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Challenging views on Italian Futurism

Date: 13/12/2012

Italian Futurism has traditionally been seen as a movement opposed to the art of the past. However, this new exhibition challenges this view by comparing it with ancient art and the Old Masters. Curated by Rosalind McKever, as part of her AHRC Collaborative Doctoral Award, the new online exhibition shows Futurism's relationship with the Italian pictorial tradition.

The online exhibition, the Estorick Collection's first, features some sixty works, half from the first ten years of the Futurist movement (1909-1919), including paintings from the Estorick's permanent collection, and the other half spanning the history of art from Ancient Greece to Baroque Rome.

The exhibition features five ‘galleries’ which show how the Futurist artists Umberto Boccioni, Giacomo Balla, Carlo Carrà and Gino Severini engaged with the art from different periods, from Classical art, Byzantium to the early Renaissance of Paolo Uccello and Piero della Francesca, the high Renaissance of Leonardo and Michelangelo, through to the Baroque age. These connections encourage us to think differently about Futurism's bombastic manifestos and its place in art history.

Ms McKever commented: The Futurists may have wanted to burn down museums, but I was intrigued by how often Futurist paintings and sculptures looked like the traditional Italian art we are more familiar with - I wanted to bring all these visual similarities together, and really think about how the Futurists related to Italian art history in order to show a different side to the movement

While some similarities between Futurist art and certain Italian masterpieces of the Italian tradition have previously been noted, here Futurism's interest in the past is fully reassessed for the first time, and the reasons for it clearly explained. These ranged from the desire to emulate Michelangelo and Leonardo, to an interest in representing moving forms that was shared with many of their predecessors.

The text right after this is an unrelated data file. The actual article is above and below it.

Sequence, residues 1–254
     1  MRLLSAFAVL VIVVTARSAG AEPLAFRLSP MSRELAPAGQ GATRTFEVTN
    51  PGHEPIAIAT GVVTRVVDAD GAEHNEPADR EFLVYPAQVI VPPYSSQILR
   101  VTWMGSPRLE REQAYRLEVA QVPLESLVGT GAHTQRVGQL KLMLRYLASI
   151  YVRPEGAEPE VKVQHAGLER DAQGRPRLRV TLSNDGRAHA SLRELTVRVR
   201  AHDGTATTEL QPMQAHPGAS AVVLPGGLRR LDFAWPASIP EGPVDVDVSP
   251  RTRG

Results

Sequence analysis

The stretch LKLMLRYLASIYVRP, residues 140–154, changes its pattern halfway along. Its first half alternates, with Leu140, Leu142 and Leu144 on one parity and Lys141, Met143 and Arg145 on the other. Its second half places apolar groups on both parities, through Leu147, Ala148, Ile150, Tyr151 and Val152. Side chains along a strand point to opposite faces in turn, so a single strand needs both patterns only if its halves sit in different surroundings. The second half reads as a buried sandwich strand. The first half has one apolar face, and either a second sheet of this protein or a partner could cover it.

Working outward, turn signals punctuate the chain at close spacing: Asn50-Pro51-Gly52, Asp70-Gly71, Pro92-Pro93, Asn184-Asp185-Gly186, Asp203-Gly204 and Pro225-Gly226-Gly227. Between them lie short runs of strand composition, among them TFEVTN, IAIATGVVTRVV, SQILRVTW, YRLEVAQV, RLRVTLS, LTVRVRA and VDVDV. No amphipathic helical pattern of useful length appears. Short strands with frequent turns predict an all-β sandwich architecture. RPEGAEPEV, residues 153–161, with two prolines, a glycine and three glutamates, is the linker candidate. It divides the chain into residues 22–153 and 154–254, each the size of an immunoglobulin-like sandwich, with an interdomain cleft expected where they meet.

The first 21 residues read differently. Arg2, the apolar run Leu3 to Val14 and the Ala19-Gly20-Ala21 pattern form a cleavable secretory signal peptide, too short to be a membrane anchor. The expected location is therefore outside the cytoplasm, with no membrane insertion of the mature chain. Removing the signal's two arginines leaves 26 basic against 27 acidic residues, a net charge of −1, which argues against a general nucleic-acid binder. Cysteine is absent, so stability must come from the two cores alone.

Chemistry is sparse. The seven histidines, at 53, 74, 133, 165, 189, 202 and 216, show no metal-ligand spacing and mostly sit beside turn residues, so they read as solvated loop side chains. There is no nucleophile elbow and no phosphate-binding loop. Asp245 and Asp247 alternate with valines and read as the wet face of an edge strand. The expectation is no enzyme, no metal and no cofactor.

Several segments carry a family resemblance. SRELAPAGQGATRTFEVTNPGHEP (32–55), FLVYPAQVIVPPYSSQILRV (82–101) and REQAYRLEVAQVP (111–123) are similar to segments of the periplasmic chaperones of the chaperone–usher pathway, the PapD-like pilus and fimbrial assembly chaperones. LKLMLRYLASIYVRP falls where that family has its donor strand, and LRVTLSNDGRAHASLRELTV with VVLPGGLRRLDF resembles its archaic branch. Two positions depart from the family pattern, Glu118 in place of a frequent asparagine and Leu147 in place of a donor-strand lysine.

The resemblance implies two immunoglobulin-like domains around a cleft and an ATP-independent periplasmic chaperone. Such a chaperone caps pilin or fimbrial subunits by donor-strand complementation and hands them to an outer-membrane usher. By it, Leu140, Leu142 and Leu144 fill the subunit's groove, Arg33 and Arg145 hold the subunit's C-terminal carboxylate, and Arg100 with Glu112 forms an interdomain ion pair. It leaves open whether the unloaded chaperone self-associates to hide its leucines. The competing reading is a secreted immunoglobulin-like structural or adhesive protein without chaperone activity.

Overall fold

A virtual exhibition of Futurism is appropriate for a movement that embraced technology and claimed to want to burn down museums. Whilst this exhibition may question Futurism's seemingly black and white relationship with the past, it does so in a medium in keeping with the movement's belief in the importance of new technology for the dissemination of art. The exhibition is 'virtual' since the works shown here could never all be physically brought together in one place - many of them being frescoes, or immovable for other reasons, such as Bernini's sculptural complex Ecstasy of St Teresa.

Ms McKever went on to say: It's fantastic to see my research presented is such a visual and accessible way! Many of the works I wanted to include could not be lent to a gallery - some cannot be moved, some of them have even been destroyed - so the virtual exhibition made it possible to present my research in a way that's fun, interactive, and open to all.

This exhibition is part of a larger AHRC-funded doctoral research project entitled Futurism and the Past: Temporalities, avant-gardism and tradition in Italian art and its histories 1909-1919. In addition to discussing the formal similarities seen here and their consequences for Futurism, this research also considers the Macchiaioli, Scapigliati and Divisionist artists’ groups as precedents for Futurism, and takes a novel approach to the Futurists' comprehension of time in order to further analyse its complex relationship with the past.

Futurism and the Past exhibition can be view at www.futurismandthepast.com on until 30 September 2013 or follow the project on twitter @FuturismPast

About the curator: Rosalind McKever has completed a doctoral thesis at Kingston University entitled Futurism and the Past: Temporalities, avant-gardism and tradition in Italian art and its histories 1909-1919. Her research has been funded by an Arts and Humanities Research Council Collaborative Doctoral Award in association with the Estorick Collection of Modern Italian Art, and this virtual exhibition forms part of her PhD submission. She graduated in History of Art with Italian at the University of Leeds in 2005. She was formerly the Student Chair of the Association of Art Historians. She is currently pursuing further research on Italian art and the philosophy of time and history in art history.

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